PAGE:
The current through the 200 ohm resistor depends on the voltage across the 200 ohm resistor. The voltage across the 200 ohm resistor is the same as the voltage across the 0 ohm resistor (the closed switch). V=IR, so what's the voltage across that pair of resistors when the switch is closed?

And yes, the voltage across an ideal resistor can change instantaneously. Keep in mind though, there's no such thing as an ideal resistor in the physical world. Everything has capacitance to everything else.

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  • \$\begingroup\$ A short circuit should have no potential across it so the voltage across the 200 ohm resistor should be zero, right? \$\endgroup\$ – Prabhpreet Oct 22 '12 at 17:43
  • \$\begingroup\$ @Prabhpreet Right on. \$\endgroup\$ – Stephen Collings Oct 22 '12 at 17:55
  • \$\begingroup\$ @Prabhpreet: Yes. A short circuit has no potential across it. So the voltage across that 200 Ohm resistor (after t=0+) is zero. \$\endgroup\$ – davidcary Oct 22 '12 at 17:57
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When solving problems like this, it is helpful to draw the two different circuits that exist before and after \$t=0\$.

Before, with the switch open, since the circuit is in DC steady state, replace the capacitor with an open circuit and then it is easy to solve for \$v_C(0)\$, the initial condition.

After, with the switch closed, the current source and 200 \$\Omega \$ resistor are paralleled with a short circuit and so, from the perspective of the capacitor, can be ignored (a short circuit in parallel with any other circuit elements is equivalent to a short circuit).

So, the circuit after \$t=0\$ is just the capacitor and the 50 \$\Omega \$ resistor, a simple RC circuit with initial condition \$v_C(0)\$.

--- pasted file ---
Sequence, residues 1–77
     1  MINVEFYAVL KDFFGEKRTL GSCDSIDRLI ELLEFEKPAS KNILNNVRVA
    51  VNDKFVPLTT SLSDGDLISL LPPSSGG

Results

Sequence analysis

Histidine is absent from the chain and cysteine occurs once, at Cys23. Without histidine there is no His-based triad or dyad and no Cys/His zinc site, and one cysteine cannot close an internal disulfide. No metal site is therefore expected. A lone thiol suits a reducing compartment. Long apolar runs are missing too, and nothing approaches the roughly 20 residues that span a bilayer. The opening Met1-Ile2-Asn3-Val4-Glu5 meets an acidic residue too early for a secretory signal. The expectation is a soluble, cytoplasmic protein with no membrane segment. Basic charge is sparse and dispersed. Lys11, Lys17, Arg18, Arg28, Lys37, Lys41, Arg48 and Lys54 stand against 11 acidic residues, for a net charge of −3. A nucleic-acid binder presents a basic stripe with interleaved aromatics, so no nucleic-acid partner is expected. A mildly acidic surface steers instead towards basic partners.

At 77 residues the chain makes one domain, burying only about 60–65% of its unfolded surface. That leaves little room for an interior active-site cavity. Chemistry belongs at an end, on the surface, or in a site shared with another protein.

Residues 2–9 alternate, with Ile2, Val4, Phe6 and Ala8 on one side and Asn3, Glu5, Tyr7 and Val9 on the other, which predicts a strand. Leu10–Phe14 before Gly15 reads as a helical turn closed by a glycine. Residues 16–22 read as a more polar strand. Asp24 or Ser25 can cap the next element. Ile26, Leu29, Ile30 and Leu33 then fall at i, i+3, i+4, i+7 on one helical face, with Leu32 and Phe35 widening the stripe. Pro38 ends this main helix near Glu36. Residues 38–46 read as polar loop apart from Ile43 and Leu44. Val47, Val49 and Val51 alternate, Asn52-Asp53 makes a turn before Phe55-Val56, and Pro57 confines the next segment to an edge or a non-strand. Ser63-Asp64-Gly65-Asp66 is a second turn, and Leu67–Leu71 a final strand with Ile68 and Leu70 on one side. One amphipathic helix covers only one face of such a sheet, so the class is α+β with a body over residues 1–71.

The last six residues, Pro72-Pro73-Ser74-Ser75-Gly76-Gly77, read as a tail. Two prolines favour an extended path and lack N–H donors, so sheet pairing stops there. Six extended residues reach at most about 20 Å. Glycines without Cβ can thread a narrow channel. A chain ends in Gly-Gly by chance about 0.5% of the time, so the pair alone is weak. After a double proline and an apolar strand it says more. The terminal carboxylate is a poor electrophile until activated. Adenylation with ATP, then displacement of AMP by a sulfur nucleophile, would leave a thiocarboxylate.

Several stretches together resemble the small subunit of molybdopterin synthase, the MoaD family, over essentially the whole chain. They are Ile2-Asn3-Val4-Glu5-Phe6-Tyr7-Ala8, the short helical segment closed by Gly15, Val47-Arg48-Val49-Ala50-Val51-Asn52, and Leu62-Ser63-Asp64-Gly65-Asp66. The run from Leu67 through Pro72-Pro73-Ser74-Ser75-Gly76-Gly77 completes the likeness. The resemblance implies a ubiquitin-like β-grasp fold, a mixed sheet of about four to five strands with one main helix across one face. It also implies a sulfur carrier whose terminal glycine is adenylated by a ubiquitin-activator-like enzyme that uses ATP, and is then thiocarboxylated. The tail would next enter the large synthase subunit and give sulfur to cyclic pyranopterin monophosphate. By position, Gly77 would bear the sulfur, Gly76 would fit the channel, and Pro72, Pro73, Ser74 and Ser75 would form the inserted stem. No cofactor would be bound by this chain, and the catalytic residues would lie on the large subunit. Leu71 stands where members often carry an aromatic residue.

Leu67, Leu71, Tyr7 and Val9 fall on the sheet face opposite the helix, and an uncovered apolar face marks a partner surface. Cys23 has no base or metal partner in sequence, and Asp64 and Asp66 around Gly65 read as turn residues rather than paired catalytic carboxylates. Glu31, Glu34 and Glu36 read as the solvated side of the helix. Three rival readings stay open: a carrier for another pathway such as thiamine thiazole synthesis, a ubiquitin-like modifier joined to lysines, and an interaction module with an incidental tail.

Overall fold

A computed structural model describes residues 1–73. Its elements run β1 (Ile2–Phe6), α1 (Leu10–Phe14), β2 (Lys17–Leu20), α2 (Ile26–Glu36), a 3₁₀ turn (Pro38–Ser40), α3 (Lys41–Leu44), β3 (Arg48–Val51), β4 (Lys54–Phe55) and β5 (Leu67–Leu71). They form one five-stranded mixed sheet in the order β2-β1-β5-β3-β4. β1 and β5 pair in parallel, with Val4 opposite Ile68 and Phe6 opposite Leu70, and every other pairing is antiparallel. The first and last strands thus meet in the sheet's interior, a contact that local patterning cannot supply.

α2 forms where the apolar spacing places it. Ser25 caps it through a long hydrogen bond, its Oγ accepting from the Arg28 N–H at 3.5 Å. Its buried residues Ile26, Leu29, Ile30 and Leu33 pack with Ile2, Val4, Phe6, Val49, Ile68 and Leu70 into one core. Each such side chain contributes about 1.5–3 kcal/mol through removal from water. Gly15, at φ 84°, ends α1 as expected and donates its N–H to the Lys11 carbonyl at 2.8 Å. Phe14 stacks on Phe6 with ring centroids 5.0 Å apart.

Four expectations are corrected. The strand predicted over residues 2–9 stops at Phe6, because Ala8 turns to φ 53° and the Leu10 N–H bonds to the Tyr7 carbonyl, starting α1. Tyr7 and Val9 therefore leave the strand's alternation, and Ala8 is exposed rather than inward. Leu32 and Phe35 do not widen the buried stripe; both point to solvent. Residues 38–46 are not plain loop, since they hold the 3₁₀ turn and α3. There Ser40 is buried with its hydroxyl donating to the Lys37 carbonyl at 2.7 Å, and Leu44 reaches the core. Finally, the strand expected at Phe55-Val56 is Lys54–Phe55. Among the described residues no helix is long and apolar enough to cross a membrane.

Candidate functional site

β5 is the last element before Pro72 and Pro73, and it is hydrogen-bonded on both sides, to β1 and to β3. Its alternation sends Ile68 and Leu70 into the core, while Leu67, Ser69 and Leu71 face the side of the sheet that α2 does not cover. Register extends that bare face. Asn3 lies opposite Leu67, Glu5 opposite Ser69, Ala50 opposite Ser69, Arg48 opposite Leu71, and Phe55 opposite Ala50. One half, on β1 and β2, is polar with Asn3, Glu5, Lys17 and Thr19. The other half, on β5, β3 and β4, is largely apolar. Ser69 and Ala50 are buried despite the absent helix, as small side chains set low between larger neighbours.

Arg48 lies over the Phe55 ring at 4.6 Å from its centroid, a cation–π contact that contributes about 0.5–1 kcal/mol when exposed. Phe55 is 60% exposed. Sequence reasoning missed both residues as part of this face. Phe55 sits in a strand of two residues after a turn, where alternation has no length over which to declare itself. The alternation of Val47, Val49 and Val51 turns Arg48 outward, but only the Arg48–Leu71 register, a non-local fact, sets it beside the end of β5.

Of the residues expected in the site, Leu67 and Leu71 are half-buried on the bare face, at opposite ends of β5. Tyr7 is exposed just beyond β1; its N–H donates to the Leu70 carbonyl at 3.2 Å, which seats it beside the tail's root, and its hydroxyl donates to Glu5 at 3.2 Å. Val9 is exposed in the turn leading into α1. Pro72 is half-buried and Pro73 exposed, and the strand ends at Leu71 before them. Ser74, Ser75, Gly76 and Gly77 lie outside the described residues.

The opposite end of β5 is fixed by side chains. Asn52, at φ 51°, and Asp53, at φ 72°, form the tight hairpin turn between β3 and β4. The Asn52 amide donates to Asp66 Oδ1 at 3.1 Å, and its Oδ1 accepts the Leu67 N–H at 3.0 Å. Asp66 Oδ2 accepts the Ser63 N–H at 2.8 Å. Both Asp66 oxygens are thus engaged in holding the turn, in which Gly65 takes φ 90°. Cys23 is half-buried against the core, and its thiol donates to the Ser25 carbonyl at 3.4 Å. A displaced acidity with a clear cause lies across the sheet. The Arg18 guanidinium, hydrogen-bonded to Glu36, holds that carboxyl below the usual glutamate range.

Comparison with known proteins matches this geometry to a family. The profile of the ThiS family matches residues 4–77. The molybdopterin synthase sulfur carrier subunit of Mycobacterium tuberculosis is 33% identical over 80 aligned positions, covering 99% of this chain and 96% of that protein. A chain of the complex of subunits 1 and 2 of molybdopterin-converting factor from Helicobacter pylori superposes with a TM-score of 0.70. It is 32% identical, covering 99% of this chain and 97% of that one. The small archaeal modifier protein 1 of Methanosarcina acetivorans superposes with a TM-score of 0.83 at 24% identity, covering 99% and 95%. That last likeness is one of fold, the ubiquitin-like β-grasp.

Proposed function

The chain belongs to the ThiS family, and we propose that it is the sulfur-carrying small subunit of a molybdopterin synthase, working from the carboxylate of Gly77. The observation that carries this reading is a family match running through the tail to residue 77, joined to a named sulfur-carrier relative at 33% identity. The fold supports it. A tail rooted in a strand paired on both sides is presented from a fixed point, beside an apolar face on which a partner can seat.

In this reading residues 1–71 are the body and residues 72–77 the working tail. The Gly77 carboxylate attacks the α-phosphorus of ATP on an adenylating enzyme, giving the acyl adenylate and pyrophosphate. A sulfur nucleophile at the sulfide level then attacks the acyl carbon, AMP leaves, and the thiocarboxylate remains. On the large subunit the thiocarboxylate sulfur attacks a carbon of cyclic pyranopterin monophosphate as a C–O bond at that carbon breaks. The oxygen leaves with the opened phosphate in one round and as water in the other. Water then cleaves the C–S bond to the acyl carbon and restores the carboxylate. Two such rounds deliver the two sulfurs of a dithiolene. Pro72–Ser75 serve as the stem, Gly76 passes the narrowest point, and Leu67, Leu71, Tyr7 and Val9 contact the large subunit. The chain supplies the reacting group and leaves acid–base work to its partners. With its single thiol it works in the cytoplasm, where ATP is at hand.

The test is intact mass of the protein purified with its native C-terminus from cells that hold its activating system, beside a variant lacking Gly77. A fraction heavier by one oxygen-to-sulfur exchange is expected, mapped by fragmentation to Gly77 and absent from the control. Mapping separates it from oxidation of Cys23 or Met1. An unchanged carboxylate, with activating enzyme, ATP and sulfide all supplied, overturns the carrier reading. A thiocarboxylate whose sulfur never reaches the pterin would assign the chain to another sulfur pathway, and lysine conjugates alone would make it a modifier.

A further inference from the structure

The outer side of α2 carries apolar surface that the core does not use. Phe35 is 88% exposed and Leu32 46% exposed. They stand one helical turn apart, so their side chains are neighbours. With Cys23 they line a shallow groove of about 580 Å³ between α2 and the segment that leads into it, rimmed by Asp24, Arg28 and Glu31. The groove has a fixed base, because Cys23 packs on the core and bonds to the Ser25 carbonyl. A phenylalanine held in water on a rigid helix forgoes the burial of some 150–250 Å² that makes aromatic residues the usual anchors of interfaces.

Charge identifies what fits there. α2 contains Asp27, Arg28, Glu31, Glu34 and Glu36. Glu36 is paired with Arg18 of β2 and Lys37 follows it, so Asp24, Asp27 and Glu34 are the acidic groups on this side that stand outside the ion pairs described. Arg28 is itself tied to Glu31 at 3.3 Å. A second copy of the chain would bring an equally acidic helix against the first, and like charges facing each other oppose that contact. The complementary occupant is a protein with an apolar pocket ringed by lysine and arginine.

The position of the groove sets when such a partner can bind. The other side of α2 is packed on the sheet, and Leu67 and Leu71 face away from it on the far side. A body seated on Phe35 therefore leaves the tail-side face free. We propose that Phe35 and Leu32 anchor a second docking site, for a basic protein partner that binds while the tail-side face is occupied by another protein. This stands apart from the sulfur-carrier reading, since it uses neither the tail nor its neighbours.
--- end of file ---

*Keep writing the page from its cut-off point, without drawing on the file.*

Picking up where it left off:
Also, what will be the current i through the 200 ohm resistor when t>0?

With a short circuit in parallel, the voltage across the resistor is ?V and, using Ohm's law, the current is ?A.

My last question is a theoretical one: Can a current through a resistor change immediately at one instant of time?

Theoretically, within ideal circuit theory, the answer is yes. In reality, the answer is no. for example, physical resistors have associated "parasitic" capacitance and inductance.

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  • \$\begingroup\$ Sorry I cannot understand what you imply by ?V and ?A. Do you mean that it cannot be found. I feel that the potential across the short circuit should be zero hence the potential across 200 ohm resistor being zero. \$\endgroup\$ – Prabhpreet Oct 22 '12 at 17:44
  • \$\begingroup\$ @Prabhpreet, sorry I wasn't clear. The question marks were meant to be prompts for you to fill in the answer. You're correct, the voltage across a short circuit is zero (by definition!) and, since this parallels the resistor, the voltage across the resistor is zero too. Then, by Ohm's law, zero volts across a (non-zero) resistor gives zero current. \$\endgroup\$ – Alfred Centauri Oct 22 '12 at 20:23
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at t=0 the equivalent circuit is very simple.

enter image description here

Since the switch is ideal, it will have 0V drop circulating all the current source and thus closing the path out of the circuit.

Thus the 20V initial condition discharges with an RC time constant of 20uF*50R=1000 uS.